National maternity services in Ireland – Health Committee hearing

14-05 John speaking 3

I thank Dr. Fitzpatrick. That was a fantastic, passionate presentation. I have seldom been as impressed by or as proud of a professional colleague sitting in that chair as I am of him right now, calling it as it is. However, I am not overly confident that all the things he has said will actually percolate through to the decision-making process, such is my level of cynicism about that process since I became a Senator.

With respect, everything Dr. Fitzpatrick said about the multitude of usually ignored reports rings true. When I came back to the country 22 years ago I set out to point out the incredible deficiencies not just in cancer services but in the health services in general. In particular, since I became a Senator, I have repeatedly beaten the drum to the point of appearing very tedious to my colleagues. I would have prepared the report for free – it would not have been necessary to pay HIQA or any external person. The quality of obstetrical services in Ireland is mediocre. We have great doctors and very well trained nurses who work in unbelievably under-resourced, underfinanced, understaffed, irrationally led systems, and as a result the output is not all that good. It is not awful, but it is mediocre.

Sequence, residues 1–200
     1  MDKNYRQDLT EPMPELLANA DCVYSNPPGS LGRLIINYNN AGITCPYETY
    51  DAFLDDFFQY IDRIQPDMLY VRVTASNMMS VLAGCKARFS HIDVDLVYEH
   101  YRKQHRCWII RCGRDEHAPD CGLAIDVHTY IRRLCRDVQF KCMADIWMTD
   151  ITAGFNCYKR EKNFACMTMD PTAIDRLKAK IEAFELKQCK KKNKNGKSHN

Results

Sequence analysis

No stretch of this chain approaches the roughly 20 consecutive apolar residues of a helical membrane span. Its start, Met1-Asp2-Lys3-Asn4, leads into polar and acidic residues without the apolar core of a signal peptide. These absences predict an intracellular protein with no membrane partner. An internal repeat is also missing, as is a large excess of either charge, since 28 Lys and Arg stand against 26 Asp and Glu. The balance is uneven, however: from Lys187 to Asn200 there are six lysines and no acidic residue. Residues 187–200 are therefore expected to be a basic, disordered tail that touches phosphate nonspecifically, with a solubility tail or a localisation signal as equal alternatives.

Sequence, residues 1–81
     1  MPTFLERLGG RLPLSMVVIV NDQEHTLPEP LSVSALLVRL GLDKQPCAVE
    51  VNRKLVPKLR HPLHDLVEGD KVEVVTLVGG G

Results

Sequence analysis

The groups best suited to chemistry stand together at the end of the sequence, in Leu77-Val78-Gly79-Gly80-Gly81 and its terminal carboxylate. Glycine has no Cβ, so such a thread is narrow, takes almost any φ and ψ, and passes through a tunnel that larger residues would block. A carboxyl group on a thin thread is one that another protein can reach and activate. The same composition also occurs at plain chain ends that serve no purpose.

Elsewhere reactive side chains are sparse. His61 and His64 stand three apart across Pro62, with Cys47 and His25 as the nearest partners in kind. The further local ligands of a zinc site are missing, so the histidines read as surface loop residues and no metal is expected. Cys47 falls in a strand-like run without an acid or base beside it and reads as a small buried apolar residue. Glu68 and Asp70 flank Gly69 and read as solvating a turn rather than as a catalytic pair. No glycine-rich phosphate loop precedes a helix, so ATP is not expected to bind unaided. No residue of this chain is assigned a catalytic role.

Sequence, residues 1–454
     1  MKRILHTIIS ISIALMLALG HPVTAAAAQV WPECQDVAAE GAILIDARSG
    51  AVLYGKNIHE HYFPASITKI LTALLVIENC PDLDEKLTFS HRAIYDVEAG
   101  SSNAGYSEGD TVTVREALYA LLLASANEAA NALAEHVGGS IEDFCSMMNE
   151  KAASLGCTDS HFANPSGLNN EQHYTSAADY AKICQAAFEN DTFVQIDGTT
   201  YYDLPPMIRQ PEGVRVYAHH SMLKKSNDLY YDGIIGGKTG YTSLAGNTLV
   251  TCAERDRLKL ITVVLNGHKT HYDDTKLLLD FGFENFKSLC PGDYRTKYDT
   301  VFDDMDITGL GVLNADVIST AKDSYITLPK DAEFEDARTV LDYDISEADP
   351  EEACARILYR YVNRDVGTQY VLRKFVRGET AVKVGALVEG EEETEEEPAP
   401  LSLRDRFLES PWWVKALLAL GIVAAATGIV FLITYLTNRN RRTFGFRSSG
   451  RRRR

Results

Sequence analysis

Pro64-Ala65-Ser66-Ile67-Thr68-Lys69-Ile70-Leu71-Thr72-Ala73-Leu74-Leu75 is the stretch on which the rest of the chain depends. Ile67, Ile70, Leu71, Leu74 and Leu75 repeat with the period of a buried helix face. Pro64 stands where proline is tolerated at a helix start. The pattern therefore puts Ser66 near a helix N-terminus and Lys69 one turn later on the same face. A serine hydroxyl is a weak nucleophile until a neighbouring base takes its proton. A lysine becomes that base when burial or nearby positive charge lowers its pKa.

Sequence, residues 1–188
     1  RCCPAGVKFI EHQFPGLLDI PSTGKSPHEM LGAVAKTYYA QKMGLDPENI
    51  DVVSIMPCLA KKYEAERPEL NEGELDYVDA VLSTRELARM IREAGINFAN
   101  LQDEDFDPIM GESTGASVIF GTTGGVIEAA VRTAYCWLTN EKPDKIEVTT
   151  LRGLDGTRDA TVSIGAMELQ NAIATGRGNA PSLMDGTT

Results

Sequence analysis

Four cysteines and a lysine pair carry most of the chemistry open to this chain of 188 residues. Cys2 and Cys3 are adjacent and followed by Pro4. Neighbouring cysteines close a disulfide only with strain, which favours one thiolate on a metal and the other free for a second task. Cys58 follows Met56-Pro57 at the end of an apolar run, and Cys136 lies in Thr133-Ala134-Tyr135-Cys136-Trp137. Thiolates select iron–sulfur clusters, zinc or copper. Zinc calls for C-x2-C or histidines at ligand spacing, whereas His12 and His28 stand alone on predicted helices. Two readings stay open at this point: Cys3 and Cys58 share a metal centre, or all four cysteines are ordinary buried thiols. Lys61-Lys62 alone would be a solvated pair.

Dr. Fitzpatrick is right. People have wrapped themselves in the cloak of relatively favourable outcome statistics, not realising that obstetrics is different. If a country’s cancer survival rate is 3% lower than in other countries, that might indicate room for improvement. If we have two unnecessary maternal deaths here, that is a tragedy. We should have zero tolerance for any maternal deaths and for any unnecessary paediatric long-term brain injuries, etc. It is not good enough for us to wrap ourselves in the cloak of being in the top 15 of 29 of the most economically developed countries in the world.